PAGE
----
- Hillary Clinton’s grossly negligent, if not possibly intentional, mishandling of confidential information as secretary of state;
- Hillary Clinton’s possible obstruction of justice – that would include her unlawful destruction of evidence under subpoena related to her mishandling of confidential information with gross negligence as secretary of state;
- James Comey’s possible obstruction of justice – that would include his unlawful personal involvement in the misdirection and termination of the FBI’s lawful investigation of Hillary Clinton’ mishandling of confidential information;
- Hillary Clinton’s possible pay-for-play RICO violations – that would include unlawful activities and transactions coordinated by her as secretary of state in cooperation with the Clinton Foundation;
- Mr. Comey’s possible – albeit admitted under penalty of perjury – unlawful use of a friend to leak privileged and confidential information obtained in connection with his private conversations with President Trump to the press for political purposes;
- The possible unlawful payment for and manipulation of a fraudulent “Russian Dossier” by the Clinton campaign and the DNC to achieve unlawful purposes intended to impair the outcome of a national election;
- The possible unlawful unmasking of private citizens by Susan Rice and others in the course of a conspiracy to wrongfully enable various government intelligence agencies to intercept communications of members of the Trump campaign for political purposes intended to impair the outcome of a national election; and
- The possible conspiracy of the Clinton campaign and the DNC to defraud the voters and donors who supported Bernie Sanders in the Democratic primary process.
If nothing else, Sessions’ continued failure to proceed with the prosecution of any of the host of the possible crimes connected to any of these scandalous matters is fracturing – possibly beyond repair – the public’s faith and confidence in the very legitimacy of its government.
Anyone watching the Department of Justice’s failure to attend to these matters need not be a legal savant to conclude that, somewhere along the line, the rule of law has been replaced by a system of justice that has not only one, but two tiers – one for the elite and the other for the rest of us who we have been told the elites deplore.
This distortion of our justice system, however, must be stopped. But to do so, Mr. Sessions must first be made aware of the fact that the jurisdictional shell game he has been playing in tandem with Mr. Mueller hoping to distract the public’s attention away from their affording protection to some members of the so-called elite among us is not working.
Instead, his continued silence and immobility in the face of blatant crimes we are all witnessing is causing him to take on the appearance of a mummy wrapped in a malignant fabric that is woven from nothing less than the very corruption the president appointed him as attorney general to help him eradicate. His protection of that corruption is quickly becoming a mountain of ever-mounting evidence of his own corruption. This is the very reason people are now starting to question openly whether Jeff Sessions is either on the take, or in some way or another, being extorted.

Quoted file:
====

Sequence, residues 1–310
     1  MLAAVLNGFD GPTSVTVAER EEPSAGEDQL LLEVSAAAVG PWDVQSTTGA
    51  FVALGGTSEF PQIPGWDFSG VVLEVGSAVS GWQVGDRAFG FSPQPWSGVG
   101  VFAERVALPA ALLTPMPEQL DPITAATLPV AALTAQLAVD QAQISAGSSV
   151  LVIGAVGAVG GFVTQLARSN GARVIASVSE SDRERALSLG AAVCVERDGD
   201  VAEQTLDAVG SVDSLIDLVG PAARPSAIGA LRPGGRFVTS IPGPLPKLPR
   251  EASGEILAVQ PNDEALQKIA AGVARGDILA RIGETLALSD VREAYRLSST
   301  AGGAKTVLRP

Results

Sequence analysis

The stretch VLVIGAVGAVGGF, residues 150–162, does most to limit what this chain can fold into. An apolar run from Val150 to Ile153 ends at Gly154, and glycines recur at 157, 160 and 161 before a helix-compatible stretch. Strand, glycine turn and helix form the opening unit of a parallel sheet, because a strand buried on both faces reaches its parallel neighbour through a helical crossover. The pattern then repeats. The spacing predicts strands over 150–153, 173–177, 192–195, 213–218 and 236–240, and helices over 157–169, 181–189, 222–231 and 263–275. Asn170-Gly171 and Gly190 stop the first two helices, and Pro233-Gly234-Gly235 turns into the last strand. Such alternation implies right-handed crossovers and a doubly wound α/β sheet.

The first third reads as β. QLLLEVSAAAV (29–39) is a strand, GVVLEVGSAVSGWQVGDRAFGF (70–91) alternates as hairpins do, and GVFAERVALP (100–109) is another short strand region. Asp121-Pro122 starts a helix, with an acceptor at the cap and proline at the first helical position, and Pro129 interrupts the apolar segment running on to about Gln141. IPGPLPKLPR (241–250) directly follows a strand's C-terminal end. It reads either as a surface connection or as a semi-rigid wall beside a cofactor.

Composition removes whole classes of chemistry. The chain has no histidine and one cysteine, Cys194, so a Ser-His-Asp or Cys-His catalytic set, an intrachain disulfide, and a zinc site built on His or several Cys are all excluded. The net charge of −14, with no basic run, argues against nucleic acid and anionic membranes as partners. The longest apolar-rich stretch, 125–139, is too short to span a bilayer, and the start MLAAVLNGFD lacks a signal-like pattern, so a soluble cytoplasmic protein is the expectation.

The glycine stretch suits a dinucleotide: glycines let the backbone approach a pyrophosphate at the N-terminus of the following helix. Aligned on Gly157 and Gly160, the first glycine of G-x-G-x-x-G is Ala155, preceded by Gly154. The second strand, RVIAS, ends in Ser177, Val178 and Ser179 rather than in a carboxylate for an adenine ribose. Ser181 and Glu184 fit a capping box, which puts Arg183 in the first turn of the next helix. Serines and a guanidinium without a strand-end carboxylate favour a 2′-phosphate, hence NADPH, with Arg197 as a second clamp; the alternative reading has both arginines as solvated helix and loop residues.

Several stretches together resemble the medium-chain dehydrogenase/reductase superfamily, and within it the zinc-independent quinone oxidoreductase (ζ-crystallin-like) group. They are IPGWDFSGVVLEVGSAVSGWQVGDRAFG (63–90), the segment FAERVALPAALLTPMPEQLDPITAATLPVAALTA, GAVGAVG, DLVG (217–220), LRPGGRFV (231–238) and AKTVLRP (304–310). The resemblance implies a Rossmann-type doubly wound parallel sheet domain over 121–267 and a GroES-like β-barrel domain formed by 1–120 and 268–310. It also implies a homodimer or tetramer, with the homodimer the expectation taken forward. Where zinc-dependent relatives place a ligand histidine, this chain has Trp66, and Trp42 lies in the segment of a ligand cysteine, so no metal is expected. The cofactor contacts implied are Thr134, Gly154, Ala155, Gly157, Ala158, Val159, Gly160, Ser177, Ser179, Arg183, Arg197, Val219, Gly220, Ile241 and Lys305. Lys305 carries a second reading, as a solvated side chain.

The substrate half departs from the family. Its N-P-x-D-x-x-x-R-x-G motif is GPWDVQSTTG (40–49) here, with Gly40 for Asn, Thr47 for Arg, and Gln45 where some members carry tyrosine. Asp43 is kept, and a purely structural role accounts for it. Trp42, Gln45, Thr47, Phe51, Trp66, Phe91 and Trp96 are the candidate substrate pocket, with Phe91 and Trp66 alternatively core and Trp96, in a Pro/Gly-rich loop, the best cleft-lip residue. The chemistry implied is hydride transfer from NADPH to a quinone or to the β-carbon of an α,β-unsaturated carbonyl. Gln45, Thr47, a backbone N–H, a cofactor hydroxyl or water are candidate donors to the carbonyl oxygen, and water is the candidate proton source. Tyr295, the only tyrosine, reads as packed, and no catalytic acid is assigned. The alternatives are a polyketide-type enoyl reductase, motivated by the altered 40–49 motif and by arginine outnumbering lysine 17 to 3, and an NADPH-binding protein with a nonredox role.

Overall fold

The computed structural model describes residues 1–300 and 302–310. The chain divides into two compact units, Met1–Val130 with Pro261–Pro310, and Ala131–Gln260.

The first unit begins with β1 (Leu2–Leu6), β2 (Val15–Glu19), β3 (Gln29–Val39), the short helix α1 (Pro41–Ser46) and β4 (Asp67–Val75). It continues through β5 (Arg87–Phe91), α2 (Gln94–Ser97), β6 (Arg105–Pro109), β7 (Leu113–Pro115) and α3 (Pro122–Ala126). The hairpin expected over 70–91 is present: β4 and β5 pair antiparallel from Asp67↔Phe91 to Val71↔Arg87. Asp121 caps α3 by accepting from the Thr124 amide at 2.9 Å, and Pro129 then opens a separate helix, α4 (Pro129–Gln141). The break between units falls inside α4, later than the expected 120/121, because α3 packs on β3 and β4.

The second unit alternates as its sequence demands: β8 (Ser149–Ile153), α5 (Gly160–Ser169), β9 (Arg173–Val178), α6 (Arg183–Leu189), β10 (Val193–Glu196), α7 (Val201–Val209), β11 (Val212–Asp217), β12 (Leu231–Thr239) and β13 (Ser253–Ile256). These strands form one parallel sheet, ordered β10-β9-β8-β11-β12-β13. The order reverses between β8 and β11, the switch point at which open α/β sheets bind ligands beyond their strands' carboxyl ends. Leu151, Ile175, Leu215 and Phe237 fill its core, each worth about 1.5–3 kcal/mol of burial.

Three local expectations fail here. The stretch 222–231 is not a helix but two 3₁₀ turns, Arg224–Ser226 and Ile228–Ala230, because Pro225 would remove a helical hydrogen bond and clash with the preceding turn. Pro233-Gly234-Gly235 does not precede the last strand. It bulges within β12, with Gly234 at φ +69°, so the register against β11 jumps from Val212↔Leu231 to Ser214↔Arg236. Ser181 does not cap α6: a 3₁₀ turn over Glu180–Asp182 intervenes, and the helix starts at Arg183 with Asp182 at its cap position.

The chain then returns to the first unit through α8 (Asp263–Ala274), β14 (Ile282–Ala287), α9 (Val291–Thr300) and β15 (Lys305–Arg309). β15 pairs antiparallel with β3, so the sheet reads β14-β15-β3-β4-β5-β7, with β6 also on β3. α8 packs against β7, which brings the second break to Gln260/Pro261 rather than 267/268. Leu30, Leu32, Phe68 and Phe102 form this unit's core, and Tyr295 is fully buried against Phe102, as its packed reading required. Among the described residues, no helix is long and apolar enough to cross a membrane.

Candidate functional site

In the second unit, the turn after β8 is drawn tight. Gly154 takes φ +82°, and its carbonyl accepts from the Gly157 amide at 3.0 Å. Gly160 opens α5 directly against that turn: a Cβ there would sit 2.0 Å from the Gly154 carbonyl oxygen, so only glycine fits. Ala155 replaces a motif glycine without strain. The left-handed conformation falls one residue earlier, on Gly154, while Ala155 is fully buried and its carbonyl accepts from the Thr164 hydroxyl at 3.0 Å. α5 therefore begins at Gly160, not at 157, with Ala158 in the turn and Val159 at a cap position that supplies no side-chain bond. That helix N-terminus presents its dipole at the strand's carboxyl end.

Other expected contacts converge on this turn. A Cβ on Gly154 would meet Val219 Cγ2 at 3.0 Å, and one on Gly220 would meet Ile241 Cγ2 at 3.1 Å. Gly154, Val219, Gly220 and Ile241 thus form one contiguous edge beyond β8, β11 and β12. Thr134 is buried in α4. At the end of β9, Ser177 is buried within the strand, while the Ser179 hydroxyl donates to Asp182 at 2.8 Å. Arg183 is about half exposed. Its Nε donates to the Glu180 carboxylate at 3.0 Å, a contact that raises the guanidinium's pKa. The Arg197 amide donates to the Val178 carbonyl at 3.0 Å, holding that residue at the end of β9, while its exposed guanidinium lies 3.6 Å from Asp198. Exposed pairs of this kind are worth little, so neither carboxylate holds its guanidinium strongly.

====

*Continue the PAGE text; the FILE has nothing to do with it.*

Regardless of which it is, however, one fact cannot be denied: To protect the corrupt is itself corrupt.
Any public official charged by law to enforce the law blindly, but who then fails to do so with respect to a select few of his own choosing, must ultimately be found to be complicit in each of the very crimes he fails to prosecute. And that is particularly true when that official is the U.S. attorney general.
In our nation’s history, we have never allowed such corruption to so openly continue festering. And, for the sake of our nation’s future, we must not allow it to do so now – and certainly not just because Sessions, the politician, happens to think his silence and inaction will allow him to achieve an end that, for him, may be politically expedient. To our body politic as a whole, this systemic infection will ultimately prove fatal.
Therefore, we the people must demand that Sessions, as attorney general, immediately become again the excellent lawyer he was once said to be and uphold the rule of law. However, should he continue to insist upon remaining a politician who thinks the rule of law is sometimes better ignored, we are left with only one viable alternative. We must insist the president remove Mr. Sessions from office, and in his stead appoint, not another politician, but a lawyer whose actions at the helm of the Department of Justice will reveal his or her unwavering commitment to the equal enforcement of this nation’s laws to and for all … starting YESTERDAY!
Clifford Nichols — whose website is cnicholslaw.com — graduated from the University of California, Los Angeles, summa cum laude, with a Bachelor of Arts degree in Economics where he was elected to membership in the Phi Beta Kappa society. He obtained a Juris Doctorate degree, cum laude, from Northwestern Pritzker University School of Law where he served as a member of the Board of Editors of the Northwestern University Law Review.
Today, Mr. Nichols is an attorney licensed to practice law in both California and New Mexico. More importantly, however, he is a citizen of the United States who is gravely concerned about his country’s future due to its present departure from the rule of law.